Many people say you should not buy individual stocks, and maybe they are right. Buying individual stocks is radically different from buying mutual funds. It takes a different mindset and it carries a completely different set of risks. So what is the difference?
When you buy into a mutual fund, you are buying a large number of different stocks. One of the most concentrated mutual funds you can buy is one that tracks the Dow Jones Industrial average (such as the DIA, or “diamonds”). which trades on the American Exchange. In this case you are only buying into the Dow Jones Industrial Average, which includes 30 large, household-name companies. There is also the Janus Twenty Fund that invests in just 20 stocks that the managers pick. Otherwise, you’ll probably find that a listing of the holdings in your mutual fund will cover a few pages in the prospectus (a booklet that describes a mutual fund).
Because you are buying so many stocks, your return over long periods of time will essentially equal that of the market in general, minus expenses, regardless of the mutual fund you pick. Your return will be between 8-20% before expenses if you hold for ten or more years, and if you hold for more than fifteen years, your return will narrow to between about 10-15%. There will be years when you make 30 or 40% returns, and others where you’ll lose 20 or 30%. On really bad years, you might lose 50% or more. On great years, you might make 100%.
With a mutual fund, you’re protected against a single CEO making a big mistake and causing the company stock to lose 90% of its value. You’re protected against choosing the wrong company and seeing your investment tread water while others are charging ahead. You don’t need to spend a huge amount of time pouring over annual reports or earnings sheets.
Individual stocks are different. Individual stocks routinely double in value or drop 50% in a year. If you have only a few stocks, you may see your portfolio value change by ten or twenty percent in a day. There are also times when your stocks will fall in price even though everything seems fine at the company, or continue to rise for days on end without a clear reason why. You might also see a company take on too much debt, misread the customers, or just become no longer needed and disappear entirely. This doesn’t happen with mutual funds.
So why would someone buy individual stocks? Again, most people shouldn’t. Most people who try to trade individual stocks end up making much lower returns than the markets. They buy too late, chasing the latest fads after the run-up has occurred, then hold on way to long as their stocks crash back down to earth. Then they sell out, right at the bottom, when they should have been buying.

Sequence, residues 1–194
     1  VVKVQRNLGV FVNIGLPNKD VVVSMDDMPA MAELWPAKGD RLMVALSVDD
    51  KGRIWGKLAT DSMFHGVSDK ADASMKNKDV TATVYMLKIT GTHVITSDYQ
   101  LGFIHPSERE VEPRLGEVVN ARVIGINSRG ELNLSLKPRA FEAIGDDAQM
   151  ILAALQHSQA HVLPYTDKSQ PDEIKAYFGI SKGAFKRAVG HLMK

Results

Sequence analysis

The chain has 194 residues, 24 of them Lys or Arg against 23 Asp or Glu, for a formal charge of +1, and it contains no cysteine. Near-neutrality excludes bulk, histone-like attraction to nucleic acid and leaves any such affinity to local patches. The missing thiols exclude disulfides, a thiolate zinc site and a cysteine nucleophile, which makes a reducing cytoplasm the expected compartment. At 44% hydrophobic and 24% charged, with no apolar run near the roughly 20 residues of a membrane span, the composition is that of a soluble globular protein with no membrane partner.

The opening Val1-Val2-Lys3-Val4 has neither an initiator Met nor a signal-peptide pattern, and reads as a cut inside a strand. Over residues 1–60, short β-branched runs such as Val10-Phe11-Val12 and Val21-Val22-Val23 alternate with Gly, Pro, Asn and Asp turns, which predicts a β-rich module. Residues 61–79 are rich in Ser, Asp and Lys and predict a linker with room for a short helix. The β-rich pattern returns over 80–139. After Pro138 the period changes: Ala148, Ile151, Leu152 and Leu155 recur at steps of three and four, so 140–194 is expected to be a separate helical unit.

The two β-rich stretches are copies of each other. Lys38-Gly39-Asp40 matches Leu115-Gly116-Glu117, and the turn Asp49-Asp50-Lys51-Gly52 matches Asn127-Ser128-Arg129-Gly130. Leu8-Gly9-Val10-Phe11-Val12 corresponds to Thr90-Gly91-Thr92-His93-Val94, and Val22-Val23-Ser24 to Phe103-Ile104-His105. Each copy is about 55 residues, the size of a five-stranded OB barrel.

Look at average returns, and you may see 3-4% when the market was making 15%. For most people, if they would just buy index mutual funds (funds with low fees since they just buy whatever is in a particular stock index) and forget they own them, they would do much better. In fact, everyone should do this for a portion of their portfolio if they have a portfolio of reasonable size (greater than $20,000, say).
There is a way to use individual stocks, however, for a portion of your investing that can allow you to beat the markets. This is the way that Warren Buffett and Bill Gates made their billions. You do it buy buying companies, rather than trading stocks. Rather than worrying about the price of the shares and trying to time buys and sales to make a small profit, you find great companies and buy in for the long-term. You plan to own them for the good times and the bad times as they grow and mature. Twenty years down the road, they may be paying out as much in dividends each year as you paid for the shares.
This type of investing is very simple mechanically, but very difficult emotionally. You need to be willing to sit there as your shares lose half of their value, perhaps buying more at the bottom. There may be years when the markets go up 30%, but your company’s stock sits and does nothing. The big gains are made in short bursts, with a lot of waiting in between.
Individual stock investing isn’t for everyone. But for some, it can be the path to life-changing gains. The secrets are patience, stock selection, and proper risk management. Plus control of your emotions and a willingness to buy when everyone else is selling.
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Disclaimer: This blog is not meant to give financial planning or tax advice. It gives general information on investment strategy, picking stocks, and generally managing money to build wealth. It is not a solicitation to buy or sell stocks or any security. Financial planning advice should be sought from a certified financial planner, which the author is not. Tax advice should be sought from a CPA. All investments involve risk and the reader as urged to consider risks carefully and seek the advice of experts if needed before investing.